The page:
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Intersectional Experiences

Women in the Workplace: Latinas

Since 2016, Lean In and McKinsey & Company have conducted Women in the Workplace, the largest study on the state of women in corporate America. Each year, the findings clearly show that there is no single story of women at work. To better capture the diversity of women’s experiences, our 2021 report includes data-driven narratives that highlight the experiences of Latinas, Asian women, Black women, lesbian and bisexual women, and women with disabilites.

Latinas are less likely than other women to have a high degree of flexibility in their jobs, which makes balancing work and life especially difficult. Compared to women of other races and ethnicities, Latinas are less likely to say they have the flexibility to take time off for family or personal reasons, and they are also less likely to be able to step away from work to deal with unexpected events. For Latinas who identify as immigrants, these numbers are even lower.

This lack of flexibility takes a toll—especially given that, compared to most other groups of women, Latinas are often juggling a heavier load at home. They are more likely to be responsible for all their family’s housework and caregiving and to say that these responsibilities have increased during the pandemic. Forty-three percent of Latinas are currently spending five or more hours per day on housework and caregiving, compared to only 34 percent of women overall. And almost a third of Latinas are on “double duty”—caring for children and an adult, such as an elderly family member—which adds significantly to their workload. Double-duty caregivers are more likely than women overall to be burned out and to have considered downshifting their careers or leaving the workforce.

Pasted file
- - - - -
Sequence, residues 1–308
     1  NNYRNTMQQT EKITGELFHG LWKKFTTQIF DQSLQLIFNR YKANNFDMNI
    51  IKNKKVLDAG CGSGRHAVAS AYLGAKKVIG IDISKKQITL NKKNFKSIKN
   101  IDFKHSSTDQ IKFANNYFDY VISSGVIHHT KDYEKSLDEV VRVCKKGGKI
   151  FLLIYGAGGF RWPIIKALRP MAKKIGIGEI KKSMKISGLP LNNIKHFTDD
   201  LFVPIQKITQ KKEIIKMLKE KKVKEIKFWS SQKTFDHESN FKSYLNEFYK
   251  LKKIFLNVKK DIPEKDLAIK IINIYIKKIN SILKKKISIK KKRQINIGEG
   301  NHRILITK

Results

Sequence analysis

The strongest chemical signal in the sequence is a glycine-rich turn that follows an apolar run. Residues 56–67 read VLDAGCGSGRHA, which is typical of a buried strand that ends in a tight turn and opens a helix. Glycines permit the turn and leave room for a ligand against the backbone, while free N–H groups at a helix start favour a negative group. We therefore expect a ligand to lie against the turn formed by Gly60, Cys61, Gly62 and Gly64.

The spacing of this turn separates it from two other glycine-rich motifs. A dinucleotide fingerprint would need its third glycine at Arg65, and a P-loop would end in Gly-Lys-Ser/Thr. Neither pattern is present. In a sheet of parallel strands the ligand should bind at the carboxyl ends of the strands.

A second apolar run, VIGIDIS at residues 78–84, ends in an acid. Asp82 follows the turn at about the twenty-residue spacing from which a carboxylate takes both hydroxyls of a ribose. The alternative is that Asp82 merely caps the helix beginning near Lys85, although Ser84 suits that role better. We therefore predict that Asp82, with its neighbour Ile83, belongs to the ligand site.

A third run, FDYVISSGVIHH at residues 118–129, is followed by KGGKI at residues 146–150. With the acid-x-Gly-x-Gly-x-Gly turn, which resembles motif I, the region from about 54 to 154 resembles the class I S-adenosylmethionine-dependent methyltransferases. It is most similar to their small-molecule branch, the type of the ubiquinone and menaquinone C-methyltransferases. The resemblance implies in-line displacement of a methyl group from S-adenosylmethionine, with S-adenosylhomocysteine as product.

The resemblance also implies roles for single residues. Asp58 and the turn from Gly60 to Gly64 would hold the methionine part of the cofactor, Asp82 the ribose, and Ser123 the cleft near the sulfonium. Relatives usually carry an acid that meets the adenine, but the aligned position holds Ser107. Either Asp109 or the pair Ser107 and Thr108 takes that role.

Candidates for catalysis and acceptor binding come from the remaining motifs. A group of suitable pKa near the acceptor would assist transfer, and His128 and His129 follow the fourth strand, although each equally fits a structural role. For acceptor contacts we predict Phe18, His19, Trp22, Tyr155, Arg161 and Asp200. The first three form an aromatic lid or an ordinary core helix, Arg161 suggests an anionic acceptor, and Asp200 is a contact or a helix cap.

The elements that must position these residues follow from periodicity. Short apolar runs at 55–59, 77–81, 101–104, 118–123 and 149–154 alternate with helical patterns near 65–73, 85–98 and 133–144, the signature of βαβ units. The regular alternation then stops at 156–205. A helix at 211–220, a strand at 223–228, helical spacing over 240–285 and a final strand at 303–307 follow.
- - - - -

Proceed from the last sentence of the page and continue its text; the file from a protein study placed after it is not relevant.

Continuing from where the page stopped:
“My nephews, my parents, my siblings, we all lived together during the pandemic. I had to be very cautious about working on-site because I would put a lot of my family at risk if I got COVID. At the beginning of the pandemic I was still being asked to come into the office. I just had to say no. I do think it hindered my career.” —Latina, manager

The combination of significant personal obligations and limited work flexibility leaves many Latinas without the time they need to recharge and reset. Compared to women overall, Latinas are less likely to take regular breaks and prioritize their own well-being when they work from home.

The narrative is based on data from Lean In and McKinsey & Company’s 2021 Women in the Workplace study. While it sheds light on some of the distinct experiences of Latinas, it is by no means comprehensive. Women face multiple and intersecting biases due to many aspects of their identity.

Latinas refers to women who self-identify as Latinx, Latina, or Hispanic.

For more data and insights on women’s experiences at work, read the full Women in the Workplace 2021 report. To learn how your company can empower employees to take meaningful action as allies, explore Lean In’s new Allyship at Work program.